Russia is committing war crimes and genocide in Chechnya
By Tilman Zuelch, President of STP International
A memorandum of Gesellschaft für bedrohte Völker / Society for Threatened Peoples - International
Chechnya: Genocide is not an internal affair
Since 5 September 1999 Russia has been engaged in renewed aggression against the small Caucasian nation of the Chechen people. Approximately 400,000 Chechens have fled their homes under the onslaught of Russian bombardment, many for the second time in five years. Mosques, hospitals, market places and refugee convoys have all been attacked. According to Chechen government estimates, between 5.9.1999 and 1.11.1999 over 3,000 people were killed by bombs and shells. No-one has counted how many have perished from exhaustion and hunger. By their new war, the continuation of their genocide of 1994-96, the government of Yeltsin and Putin has demonstrated one thing clearly: the Stalinist tradition has survived intact in Russia.
The Chechen people must likewise give up their unlawful practices of hostage-taking and trafficking in human beings and distance themselves from their extremist military commanders. The Society for Threatened Peoples condemns the atrocity of the bombings carried out in Moscow and Volgodonsk, whoever they may have been committed, as well as Russia's terror bombing of Chechnya. Genocide is the most heinous crime of which human beings are capable. This is a matter on which there can be no compromise. Extremists such as Hattab, Raduyev and Bassayev are popular because of the courage they have shown in fighting the criminal activities of the Russians in Chechnya. However they have brought ruin to Chechnya. The Russian human rights activitist Sergei Kovalyov was right when he called for the Chechens to build themselves a humane legal system: "They must renounce the barbaric system of Sharia law. People do not chop hands and feet off."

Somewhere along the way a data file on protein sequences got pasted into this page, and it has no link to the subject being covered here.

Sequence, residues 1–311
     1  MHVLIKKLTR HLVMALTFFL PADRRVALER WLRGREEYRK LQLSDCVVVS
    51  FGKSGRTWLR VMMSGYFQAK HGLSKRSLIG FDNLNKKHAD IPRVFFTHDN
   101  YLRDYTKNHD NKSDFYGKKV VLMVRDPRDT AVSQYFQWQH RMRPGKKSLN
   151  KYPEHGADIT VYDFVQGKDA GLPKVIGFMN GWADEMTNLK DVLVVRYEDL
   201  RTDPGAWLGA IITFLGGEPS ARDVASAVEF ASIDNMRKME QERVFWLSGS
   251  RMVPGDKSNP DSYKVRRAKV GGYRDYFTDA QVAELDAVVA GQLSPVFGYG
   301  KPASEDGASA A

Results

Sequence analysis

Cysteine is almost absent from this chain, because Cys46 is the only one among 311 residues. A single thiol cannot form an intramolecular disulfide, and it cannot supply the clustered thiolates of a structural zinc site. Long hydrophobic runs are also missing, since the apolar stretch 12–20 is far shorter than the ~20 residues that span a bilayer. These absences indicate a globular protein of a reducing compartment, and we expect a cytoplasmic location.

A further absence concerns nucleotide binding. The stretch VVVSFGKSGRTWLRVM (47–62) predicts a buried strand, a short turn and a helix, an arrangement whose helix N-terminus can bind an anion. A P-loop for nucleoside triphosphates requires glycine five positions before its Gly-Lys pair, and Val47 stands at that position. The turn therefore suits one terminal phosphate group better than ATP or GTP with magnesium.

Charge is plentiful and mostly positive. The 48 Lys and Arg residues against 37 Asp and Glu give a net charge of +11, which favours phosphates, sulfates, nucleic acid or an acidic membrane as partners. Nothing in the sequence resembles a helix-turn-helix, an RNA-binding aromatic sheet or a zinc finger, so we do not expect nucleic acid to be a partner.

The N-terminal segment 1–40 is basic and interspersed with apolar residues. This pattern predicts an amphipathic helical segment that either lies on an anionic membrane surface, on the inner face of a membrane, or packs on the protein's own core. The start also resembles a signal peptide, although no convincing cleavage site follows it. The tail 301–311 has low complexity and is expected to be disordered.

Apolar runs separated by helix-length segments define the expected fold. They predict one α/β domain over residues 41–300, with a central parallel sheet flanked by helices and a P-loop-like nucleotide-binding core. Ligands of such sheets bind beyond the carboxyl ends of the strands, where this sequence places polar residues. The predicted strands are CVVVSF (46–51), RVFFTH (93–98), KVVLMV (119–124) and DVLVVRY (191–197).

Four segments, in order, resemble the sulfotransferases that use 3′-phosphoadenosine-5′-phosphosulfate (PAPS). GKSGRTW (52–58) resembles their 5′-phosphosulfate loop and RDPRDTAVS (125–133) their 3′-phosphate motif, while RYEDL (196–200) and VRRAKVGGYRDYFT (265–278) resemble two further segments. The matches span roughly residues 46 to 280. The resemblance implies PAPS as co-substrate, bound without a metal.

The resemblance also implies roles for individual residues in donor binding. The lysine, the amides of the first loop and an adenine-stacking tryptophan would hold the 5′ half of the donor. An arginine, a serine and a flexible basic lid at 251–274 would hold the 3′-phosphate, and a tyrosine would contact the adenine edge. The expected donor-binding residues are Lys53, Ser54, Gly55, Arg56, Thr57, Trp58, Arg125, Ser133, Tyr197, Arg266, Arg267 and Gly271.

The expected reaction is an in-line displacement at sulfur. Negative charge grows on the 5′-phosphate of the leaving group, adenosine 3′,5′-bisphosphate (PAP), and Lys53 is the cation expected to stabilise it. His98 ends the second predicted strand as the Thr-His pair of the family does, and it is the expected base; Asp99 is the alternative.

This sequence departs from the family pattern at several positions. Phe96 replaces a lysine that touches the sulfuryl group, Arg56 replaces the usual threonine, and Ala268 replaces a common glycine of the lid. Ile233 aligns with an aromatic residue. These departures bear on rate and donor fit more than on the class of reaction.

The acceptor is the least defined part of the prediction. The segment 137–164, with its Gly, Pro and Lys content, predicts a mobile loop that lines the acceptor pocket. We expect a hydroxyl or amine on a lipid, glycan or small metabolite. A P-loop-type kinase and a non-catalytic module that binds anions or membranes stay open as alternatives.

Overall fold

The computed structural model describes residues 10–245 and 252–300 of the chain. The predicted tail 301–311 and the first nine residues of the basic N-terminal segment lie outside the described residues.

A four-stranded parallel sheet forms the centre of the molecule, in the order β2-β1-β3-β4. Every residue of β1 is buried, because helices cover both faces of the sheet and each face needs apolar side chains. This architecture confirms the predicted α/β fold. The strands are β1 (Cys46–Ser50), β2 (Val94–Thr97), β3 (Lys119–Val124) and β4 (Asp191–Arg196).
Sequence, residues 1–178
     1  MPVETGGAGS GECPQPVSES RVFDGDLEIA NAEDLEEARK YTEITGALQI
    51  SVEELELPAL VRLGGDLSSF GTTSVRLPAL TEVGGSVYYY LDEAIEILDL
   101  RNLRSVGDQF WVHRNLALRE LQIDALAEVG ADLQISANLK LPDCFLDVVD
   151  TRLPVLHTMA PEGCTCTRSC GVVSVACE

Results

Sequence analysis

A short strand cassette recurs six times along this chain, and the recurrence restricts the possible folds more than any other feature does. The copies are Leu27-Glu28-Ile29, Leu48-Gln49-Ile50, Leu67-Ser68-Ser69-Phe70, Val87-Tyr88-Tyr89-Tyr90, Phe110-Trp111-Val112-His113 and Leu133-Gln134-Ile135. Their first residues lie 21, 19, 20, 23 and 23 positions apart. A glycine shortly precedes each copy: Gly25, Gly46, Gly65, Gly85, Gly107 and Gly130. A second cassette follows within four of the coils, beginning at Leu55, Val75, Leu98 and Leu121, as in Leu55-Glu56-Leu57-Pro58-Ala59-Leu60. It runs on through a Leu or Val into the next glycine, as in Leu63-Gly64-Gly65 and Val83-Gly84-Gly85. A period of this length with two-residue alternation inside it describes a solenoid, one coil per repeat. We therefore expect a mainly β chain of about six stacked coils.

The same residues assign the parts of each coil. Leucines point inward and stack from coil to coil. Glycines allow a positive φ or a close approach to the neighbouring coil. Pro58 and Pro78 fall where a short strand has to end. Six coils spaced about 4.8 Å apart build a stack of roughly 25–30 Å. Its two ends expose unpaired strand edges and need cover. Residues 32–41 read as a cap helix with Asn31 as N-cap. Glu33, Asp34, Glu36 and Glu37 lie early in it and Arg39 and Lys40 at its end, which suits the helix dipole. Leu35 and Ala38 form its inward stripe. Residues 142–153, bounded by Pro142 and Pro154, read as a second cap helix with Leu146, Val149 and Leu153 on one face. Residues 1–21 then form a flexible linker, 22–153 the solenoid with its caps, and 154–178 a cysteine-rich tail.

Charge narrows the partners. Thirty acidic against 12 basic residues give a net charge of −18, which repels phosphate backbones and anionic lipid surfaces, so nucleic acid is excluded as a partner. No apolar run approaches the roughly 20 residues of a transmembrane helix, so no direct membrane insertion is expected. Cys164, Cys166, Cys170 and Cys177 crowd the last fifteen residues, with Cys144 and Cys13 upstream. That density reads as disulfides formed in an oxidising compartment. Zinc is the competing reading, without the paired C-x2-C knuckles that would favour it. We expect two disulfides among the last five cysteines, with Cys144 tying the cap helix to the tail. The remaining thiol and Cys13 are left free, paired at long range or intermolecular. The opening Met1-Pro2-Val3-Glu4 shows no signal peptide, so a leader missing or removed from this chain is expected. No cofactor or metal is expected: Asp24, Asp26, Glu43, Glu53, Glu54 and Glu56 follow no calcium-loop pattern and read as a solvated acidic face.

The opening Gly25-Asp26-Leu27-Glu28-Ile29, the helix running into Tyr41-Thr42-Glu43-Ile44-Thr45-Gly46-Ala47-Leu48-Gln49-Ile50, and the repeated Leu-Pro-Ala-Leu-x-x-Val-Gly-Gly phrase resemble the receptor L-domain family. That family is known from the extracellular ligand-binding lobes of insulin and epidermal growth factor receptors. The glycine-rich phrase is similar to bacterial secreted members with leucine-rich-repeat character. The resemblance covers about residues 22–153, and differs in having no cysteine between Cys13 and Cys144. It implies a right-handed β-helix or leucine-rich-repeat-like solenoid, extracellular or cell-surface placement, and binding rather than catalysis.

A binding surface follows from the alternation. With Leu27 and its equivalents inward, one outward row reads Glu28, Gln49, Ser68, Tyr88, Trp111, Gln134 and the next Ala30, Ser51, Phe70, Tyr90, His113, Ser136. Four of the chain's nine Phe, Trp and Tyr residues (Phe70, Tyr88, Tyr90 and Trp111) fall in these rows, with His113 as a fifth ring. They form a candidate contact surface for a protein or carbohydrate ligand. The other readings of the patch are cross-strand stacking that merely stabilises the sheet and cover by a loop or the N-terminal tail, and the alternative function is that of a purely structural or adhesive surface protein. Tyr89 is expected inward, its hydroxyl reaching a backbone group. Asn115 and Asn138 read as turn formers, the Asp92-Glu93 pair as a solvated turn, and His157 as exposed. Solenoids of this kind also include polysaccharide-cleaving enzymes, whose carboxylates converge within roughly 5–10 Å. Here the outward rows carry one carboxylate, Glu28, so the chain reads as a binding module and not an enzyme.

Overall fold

Most importantly, though, the international community of nations, which intervened in Kosovo and East Timor and put an end to genocide, has given its pledge of support. The pioneering work done by the OSCE in Chechnya in 1996 was remarkable. The inhabitants of Grozny still remember with gratitude how the leader of the OSCE mission, Tim Guldimann, stood by them in adverse circumstances, in the face of the Russian bombing attacks, and organised the democratic elections from which President Aslan Maskhadov emerged as victor.
However, the international community has abandoned Chechnya. Out of consideration for Moscow's shrill cries of protest against alleged interference in its internal affairs the democratic world has made no effort to restore stability in Chechnya and contain the influence of the Islamist extremists. In February 1999 the newly appointed German Foreign Minister Joschka Fischer, representing the environmental and human rights party, the Greens, responded to Russian protests by abandoning support even for humanitarian projects to assist Chechnya: support for a mine-clearance programme to train young Chechens in the removal of landmines laid by the Russian army at the time of its departure in 1996 and contaminating wide areas of Chechnya's agricultural land, was withdrawn.
The Russian president, Boris Yeltsin, and the government of the former KGB officer Vladimir Putin have no respect for their international commitments under the CFE Treaty limiting conventional ground and air forces, the OSCE Agreement, international humanitarian law - and the UN Convention on the Prevention and Punishment of the Crime of Genocide of 1948. Russia's war of aggression against Chechnya is not therefore a domestic matter. The European Union, the Council of Europe, the OSCE, the UN and the International Monetary Fund (IMF) must condemn the crimes being committed by Russia in Chechnya and use all political and economic means at their disposal to bring an immediate halt to Russia's bloody deeds in Chechnya.